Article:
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Checking the balance

How one case resisted executive reach with judicial wherewithal.

August 17, 2008|Art Winslow | Art Winslow is a former literary and executive editor of the Nation.

The Challenge

Hamdan v. Rumsfeld and the Fight Over Presidential Power

Jonathan Mahler

Farrar, Straus & Giroux: 334 pp., $26


No one should mistake the military commission trial and sentencing of Salim Hamdan, famously Osama bin Laden's driver, as marking the end of his legal problems, or of ours. The Aug. 6 verdict by six military jurors at the U.S. installation in Guantanamo Bay convicted Hamdan of providing material support for terrorism but exonerated him of charges of conspiracy. Sentencing the next day called for imprisonment of 66 months (prosecutors had asked for a minimum sentence of 30 years), but Hamdan has already served 61 months in detention, which has been credited to his sentence. The result? He is likely to complete his sentence by January.

Before, during and since the trial, however, prosecutors and Pentagon spokesmen have raised the possibility that Hamdan could be detained indefinitely as a foreign combatant, regardless of serving out his sentence. That the war on terror entails a war on the right of habeas corpus could not be clearer, and this is one of the principal themes of Jonathan Mahler's book, "The Challenge: Hamdan v. Rumsfeld and the Fight Over Presidential Power."

Mahler, a New York Times Magazine contributing writer, has constructed a thrust-by-thrust, parry-by-parry account of the legal fencing match between the executive branch and Hamdan's military and civilian lawyers, leading to the 2006 Supreme Court decision that declared the military commission process, as it existed then, to be unconstitutional. Events have superseded Mahler's reporting -- in his epilogue, written in May, Mahler knew neither the future of the commissions nor the fate of another consolidated case regarding Guantanamo detainees, Boumediene v. Bush, which the Supreme Court decided in mid-June.

Yet what Mahler chronicles -- the seesaw process of constitutional challenges to the military commissions -- is of more than historical interest: It is part and parcel of all that has transpired in recent weeks and a portent of the future as well. As U.S. District Court Judge James Robertson (whose 2004 decision in Hamdan v. Rumsfeld set the case on its course toward the Supreme Court) has observed, the military commissions, despite some improvements, depart from other courts in allowing the introduction of hearsay evidence and, startlingly, evidence produced under coercive circumstances. Charlie Swift, a Navy attorney representing Hamdan (he is still on Hamdan's legal team, now as a civilian) who is a major figure in Mahler's book, considers it likely that his client's fate will again be debated in federal court.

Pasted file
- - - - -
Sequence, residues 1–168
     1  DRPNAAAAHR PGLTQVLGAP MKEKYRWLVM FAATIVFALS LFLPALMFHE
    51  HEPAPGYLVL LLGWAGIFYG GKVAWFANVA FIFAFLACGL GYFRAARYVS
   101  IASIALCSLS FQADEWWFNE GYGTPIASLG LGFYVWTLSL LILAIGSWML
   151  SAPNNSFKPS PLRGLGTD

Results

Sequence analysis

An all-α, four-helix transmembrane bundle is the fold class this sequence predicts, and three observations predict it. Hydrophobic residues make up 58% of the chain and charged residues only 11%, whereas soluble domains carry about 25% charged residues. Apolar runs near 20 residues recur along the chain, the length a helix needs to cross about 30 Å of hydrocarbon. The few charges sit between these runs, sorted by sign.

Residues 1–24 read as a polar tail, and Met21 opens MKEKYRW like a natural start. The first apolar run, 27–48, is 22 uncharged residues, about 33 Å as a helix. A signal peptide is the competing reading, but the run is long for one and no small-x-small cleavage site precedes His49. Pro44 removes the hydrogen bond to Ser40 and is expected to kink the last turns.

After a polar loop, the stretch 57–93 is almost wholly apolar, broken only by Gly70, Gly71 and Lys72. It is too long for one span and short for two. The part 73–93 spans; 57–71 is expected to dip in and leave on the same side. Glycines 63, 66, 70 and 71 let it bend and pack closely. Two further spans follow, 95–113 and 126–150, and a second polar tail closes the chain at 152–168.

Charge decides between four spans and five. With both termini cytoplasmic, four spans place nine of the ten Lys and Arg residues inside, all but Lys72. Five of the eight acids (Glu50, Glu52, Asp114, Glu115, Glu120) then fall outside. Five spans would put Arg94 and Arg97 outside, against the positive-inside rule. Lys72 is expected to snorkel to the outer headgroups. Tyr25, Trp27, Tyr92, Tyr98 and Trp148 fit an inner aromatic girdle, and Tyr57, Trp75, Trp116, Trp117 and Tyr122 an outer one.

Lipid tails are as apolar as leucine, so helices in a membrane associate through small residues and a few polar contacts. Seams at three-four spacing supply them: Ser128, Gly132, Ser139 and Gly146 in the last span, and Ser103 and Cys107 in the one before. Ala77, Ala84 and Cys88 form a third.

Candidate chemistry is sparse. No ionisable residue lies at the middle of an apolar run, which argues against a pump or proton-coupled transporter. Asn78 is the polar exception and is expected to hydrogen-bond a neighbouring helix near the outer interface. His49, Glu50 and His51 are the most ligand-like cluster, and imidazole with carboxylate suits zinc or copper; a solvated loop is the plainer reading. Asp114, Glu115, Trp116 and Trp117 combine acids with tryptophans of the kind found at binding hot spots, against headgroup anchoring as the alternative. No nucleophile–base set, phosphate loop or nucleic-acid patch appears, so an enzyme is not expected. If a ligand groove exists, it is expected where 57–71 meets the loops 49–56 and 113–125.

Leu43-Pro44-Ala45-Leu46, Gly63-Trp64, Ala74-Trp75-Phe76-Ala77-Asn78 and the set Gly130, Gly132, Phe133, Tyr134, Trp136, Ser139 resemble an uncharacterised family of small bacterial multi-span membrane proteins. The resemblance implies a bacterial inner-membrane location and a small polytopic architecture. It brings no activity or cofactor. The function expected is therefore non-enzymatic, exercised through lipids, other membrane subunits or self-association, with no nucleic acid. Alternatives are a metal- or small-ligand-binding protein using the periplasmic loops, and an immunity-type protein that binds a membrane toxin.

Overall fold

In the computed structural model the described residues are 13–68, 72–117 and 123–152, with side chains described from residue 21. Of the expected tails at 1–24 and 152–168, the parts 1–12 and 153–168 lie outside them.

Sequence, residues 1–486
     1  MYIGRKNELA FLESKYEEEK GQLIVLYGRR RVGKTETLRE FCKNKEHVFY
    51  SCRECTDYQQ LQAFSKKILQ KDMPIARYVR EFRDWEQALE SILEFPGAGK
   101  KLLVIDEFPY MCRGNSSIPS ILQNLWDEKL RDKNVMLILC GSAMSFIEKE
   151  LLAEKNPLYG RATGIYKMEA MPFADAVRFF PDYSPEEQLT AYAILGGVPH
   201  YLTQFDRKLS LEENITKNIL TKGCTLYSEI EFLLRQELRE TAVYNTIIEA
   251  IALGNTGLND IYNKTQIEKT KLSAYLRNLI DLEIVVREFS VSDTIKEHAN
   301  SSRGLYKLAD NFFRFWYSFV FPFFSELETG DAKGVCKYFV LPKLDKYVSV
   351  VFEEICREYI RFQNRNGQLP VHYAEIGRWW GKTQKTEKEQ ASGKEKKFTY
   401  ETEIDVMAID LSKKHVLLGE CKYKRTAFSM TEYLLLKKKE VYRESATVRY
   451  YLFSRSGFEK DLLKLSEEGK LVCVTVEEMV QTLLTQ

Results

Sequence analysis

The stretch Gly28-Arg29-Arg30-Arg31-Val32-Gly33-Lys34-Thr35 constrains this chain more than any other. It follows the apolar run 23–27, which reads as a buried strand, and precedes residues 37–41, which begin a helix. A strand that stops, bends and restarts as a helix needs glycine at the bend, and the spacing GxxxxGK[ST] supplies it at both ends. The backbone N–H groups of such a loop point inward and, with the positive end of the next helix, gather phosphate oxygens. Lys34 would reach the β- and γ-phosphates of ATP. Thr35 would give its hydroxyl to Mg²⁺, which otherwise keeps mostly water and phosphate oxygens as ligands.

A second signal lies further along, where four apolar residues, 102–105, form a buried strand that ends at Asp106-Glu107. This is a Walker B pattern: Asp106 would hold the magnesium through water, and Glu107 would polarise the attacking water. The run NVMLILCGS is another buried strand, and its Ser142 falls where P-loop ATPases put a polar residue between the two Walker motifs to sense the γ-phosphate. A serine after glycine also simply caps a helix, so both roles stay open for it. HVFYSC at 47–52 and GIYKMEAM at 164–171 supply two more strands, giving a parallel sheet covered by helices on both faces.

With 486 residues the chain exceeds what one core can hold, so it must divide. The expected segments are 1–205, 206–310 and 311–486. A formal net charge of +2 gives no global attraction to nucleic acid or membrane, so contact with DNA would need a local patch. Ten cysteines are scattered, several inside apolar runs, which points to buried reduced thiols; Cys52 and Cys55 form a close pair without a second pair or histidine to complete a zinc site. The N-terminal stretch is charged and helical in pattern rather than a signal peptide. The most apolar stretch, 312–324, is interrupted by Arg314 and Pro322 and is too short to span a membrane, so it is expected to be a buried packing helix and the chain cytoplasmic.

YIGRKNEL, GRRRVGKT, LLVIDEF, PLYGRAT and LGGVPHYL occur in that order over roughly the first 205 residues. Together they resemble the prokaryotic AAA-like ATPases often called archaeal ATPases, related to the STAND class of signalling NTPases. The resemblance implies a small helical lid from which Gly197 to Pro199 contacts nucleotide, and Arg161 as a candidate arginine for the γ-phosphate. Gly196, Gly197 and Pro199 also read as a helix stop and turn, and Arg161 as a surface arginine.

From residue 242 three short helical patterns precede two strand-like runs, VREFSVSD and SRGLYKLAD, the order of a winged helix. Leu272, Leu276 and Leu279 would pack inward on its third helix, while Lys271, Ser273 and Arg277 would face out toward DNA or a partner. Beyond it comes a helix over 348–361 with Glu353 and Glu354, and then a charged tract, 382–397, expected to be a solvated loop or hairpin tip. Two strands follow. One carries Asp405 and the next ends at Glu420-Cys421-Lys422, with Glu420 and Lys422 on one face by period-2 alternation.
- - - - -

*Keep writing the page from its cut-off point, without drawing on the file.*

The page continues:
As early as Sept. 14, 2001, Mahler notes, the Washington Post reported that President George W. Bush was considering trying suspected terrorists as war criminals, using military tribunals rather than civilian courts. The idea originated with former Atty. Gen. William Barr and "instantly found traction among the president's senior legal advisers," including then-Atty. Gen. Alberto Gonzales and Vice President Dick Cheney's chief counsel, David Addington, Mahler reports. The development process undertaken by a self-styled "War Council" was so "extraordinarily secretive" that neither Secretary of State Colin Powell nor National Security Advisor Condoleezza Rice knew of the president's order for military commissions until after it was signed on Nov. 13, 2001.

By the spring of 2002, what in hindsight appears a prophetic critique appeared in the Yale Law Journal, co-written by Harvard law professor Laurence Tribe and Georgetown professor Neal Katyal. The pair took issue with the fact that Secretary of Defense Donald Rumsfeld was directed, "without advance notice to either the congressional leadership or the public," to create military tribunals and take into custody anyone named as subject to the order; the tribunals were authorized to operate in secret. Further, Tribe and Katyal wrote that the order's language "strongly suggests a desire to eliminate even habeas corpus review of the legality of the entire scheme and of the tribunals' jurisdiction over particular individuals" and that the presidential directive was "flatly unconstitutional." They added that legislation would be required if the commissions were to survive judicial invalidation, especially when "civilian courts created by Congress [were otherwise] fully capable of adjudicating the cases."

In the half-dozen years since Tribe and Katyal's analysis appeared, rule changes by the executive branch as well as related legislation -- such as the Detainee Treatment Act of 2005 and Military Commissions Act of 2006 -- and judicial invalidation by the Supreme Court in several related cases have indeed occurred. Often, at the center of contention, has been the right to habeas corpus and adherence to Geneva Conventions requirements, along with questions of defendants' rights to see evidence and the admissibility of evidence obtained under coercive circumstances.


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